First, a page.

Cassava Program Theory of Change
Building local resilience and addressing climate change challenges faced by smallholders growing cassava
(1) Diversified cassava for specific landscapes and uses
Cassava is grown in different environments, and the climatic differences between locations will become increasingly evident as the effects of ongoing climate change become more palpable. Cassava is grown for different purposes, with some traits more desirable for food and others for industrial uses. The Cassava Program is generating novel germplasm applying a product concept to its main deliverables, i.e. varieties carrying sets of prioritised, fit-for-purpose traits that include agronomic adaptation and quality attributes.
A driver for varietal diversification is to offer growers choices suited to their specific needs. One prioritisation criterium involves impact maximisation among target smallholder populations. For varietal uptake to occur, the current informal seed system needs to be understood and utilised as a conduit while at the same time developing local seed systems to manage pest and disease spread in ways that are culturally acceptable and easy to implement. Work has already commenced with the use of micropropagation poly-tunnels, proving that it is possible to establish local seed systems.
Cultural differences are evidenced for example by the dominance of one variety in SEA, while in LAC farmers grow a range of varieties, with some traditional varieties being handed down from generation to generation. This has to do with a longer tradition of growing cassava in LAC and predominantly for food, while cassava is very much an industrial crop in SEA. Ideally, SEA would require a greater genetic diversity for better agroclimatic adaptation and to better manage pests and diseases. In LAC, success in varietal diversification would be characterised by a shift to varieties better adapted to current climatic conditions and addressing emerging end-user requirements in an increasingly modern world.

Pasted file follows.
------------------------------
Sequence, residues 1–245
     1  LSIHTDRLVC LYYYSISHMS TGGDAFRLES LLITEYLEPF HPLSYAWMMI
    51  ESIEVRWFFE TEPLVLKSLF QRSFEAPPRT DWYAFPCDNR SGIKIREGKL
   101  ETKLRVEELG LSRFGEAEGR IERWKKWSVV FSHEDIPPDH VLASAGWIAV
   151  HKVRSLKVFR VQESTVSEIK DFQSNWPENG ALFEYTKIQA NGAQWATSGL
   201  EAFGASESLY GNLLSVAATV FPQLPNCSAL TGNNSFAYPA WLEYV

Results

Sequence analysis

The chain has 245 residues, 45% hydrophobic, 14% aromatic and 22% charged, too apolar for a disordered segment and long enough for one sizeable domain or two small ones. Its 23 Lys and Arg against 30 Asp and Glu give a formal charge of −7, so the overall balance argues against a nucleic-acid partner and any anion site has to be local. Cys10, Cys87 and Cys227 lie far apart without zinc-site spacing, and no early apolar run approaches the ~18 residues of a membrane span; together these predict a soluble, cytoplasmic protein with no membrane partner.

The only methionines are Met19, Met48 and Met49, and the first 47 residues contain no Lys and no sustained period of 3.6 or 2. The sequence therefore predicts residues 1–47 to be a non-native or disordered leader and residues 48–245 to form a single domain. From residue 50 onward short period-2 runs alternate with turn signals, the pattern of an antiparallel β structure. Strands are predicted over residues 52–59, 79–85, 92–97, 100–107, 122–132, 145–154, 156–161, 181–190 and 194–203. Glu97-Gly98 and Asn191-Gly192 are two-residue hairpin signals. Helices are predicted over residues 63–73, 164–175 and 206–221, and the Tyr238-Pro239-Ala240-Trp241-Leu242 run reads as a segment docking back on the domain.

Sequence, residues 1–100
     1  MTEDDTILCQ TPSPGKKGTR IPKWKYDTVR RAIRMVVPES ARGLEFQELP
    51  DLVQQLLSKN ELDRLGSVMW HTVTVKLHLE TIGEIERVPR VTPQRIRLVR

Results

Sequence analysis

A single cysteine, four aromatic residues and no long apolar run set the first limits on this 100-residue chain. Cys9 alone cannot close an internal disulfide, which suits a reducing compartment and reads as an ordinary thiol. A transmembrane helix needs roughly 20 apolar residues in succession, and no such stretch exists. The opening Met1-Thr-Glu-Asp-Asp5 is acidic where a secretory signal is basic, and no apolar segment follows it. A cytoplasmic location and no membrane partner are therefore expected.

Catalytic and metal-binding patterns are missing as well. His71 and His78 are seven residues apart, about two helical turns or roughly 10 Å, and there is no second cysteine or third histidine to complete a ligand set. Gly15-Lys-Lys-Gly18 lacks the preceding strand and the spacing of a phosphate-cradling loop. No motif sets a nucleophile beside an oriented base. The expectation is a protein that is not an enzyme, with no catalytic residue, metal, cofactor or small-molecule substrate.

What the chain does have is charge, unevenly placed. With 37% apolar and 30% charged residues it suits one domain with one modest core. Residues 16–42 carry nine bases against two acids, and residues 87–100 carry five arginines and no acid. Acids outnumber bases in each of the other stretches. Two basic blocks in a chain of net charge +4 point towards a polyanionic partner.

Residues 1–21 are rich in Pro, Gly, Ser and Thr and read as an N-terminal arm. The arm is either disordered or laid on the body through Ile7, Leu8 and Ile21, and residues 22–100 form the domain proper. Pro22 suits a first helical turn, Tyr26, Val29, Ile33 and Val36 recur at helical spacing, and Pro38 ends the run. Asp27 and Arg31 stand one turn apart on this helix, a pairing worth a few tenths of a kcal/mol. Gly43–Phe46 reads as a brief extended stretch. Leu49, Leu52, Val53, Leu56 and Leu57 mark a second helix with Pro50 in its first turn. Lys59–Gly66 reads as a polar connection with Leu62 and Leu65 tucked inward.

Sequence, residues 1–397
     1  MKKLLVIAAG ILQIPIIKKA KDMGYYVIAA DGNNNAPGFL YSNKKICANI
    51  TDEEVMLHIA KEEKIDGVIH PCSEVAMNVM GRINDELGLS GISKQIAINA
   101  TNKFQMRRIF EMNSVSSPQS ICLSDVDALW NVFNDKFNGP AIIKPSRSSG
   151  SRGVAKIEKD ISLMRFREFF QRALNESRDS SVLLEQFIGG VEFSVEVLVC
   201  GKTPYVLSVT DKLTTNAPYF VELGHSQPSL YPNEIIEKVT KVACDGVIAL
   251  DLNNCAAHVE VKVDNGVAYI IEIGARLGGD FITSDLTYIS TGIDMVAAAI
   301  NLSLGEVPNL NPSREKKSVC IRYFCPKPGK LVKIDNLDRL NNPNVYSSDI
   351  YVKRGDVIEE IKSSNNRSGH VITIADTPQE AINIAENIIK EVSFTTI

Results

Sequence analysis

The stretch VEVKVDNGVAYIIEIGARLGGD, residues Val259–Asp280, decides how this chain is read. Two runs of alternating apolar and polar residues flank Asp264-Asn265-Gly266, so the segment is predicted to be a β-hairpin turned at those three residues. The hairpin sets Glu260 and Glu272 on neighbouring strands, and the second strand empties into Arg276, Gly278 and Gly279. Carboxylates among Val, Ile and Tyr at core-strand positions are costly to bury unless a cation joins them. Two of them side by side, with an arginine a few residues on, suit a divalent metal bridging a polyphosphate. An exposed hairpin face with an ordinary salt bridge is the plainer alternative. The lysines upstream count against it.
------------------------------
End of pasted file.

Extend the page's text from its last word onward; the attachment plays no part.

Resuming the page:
Diversified used of cassava within farming systems incorporating other crops or livestock will help build local resilience. Research must focus on the integration of cassava in diverse farming systems, with agronomic practices that can support the transition from cassava to higher-value crops and increasing our understanding of the socioeconomic underpinning more diverse farming systems.
Achievement of this outcome will require activities in the following areas:
- Identification of opportunities and barriers for differentiation across the value chain.
- Increased understanding of cassava as a pathway to prosperity (at a regional level).
- Development of agronomic practices that support transition to or production in a broader farming system.
- Increased understanding of future regional needs, including climate change impacts.
- Increased understanding of regional emerging pest and disease pressures.
- Knowledge on changing end-user requirements and the ability to develop new end-uses.
- Identification opportunities for genetic solutions to meet end-user needs.
- Increasing the efficiency to identify purposeful genetic diversity.
- Conservation and characterisation of genetic diversity.
- Development of context-specific, climate-adapted varieties.
(2) Improving soil health on degraded lands
Cassava can be grown on marginal land and still yield a profitable crop with minimal input. This creates capacity for poor smallholders to gain a small return from minimal investment, which over time could turn into resources—such as capital—and capacity increase, leading to improved agronomic practices and fertiliser application. At the same time, cassava roots can serve to break up compacted soil and restore soil health on degraded land to create viable conditions for more valuable crops. This pathway has the potential for smallholders to gain an income while restoring land and use cassava to increase capital over time. This is rather speculative at this stage, given the small margins obtainable from such operation, and will need further research if identified as an avenue worth pursuing.
Cassava is often grown on mountainous marginal lands that are prone to soil erosion caused by rain, representing a significant threat to the sustainable use of such lands or their recovery from deforestation. Climate change will increase the number of storm events and the risk of soil erosion. Appropriate mitigation practices are required, with a transition to higher-value tree crop perennials providing longer-term sustainable opportunities.
Achievements in this outcome will require understanding of integrated farming systems and how cassava can be used in the transition to higher-value crops. This is an area for collaboration with other commodities offering longer-term and economically viable solutions for smallholders.
Achieving this outcome will require research in the following areas:
- Development of planting methods for quicker crop establishment on at risk soils
- Identification of traits required for restoration and soil health
- Development of integrated farming systems and practices for restoration
- Development of alternative local inputs, within local farming and processing systems
- Encouragement of value chains to supply and receive produce from new cassava growing areas (such as previously degraded lands in LAC)
- Varieties developed with faster establishment and growth.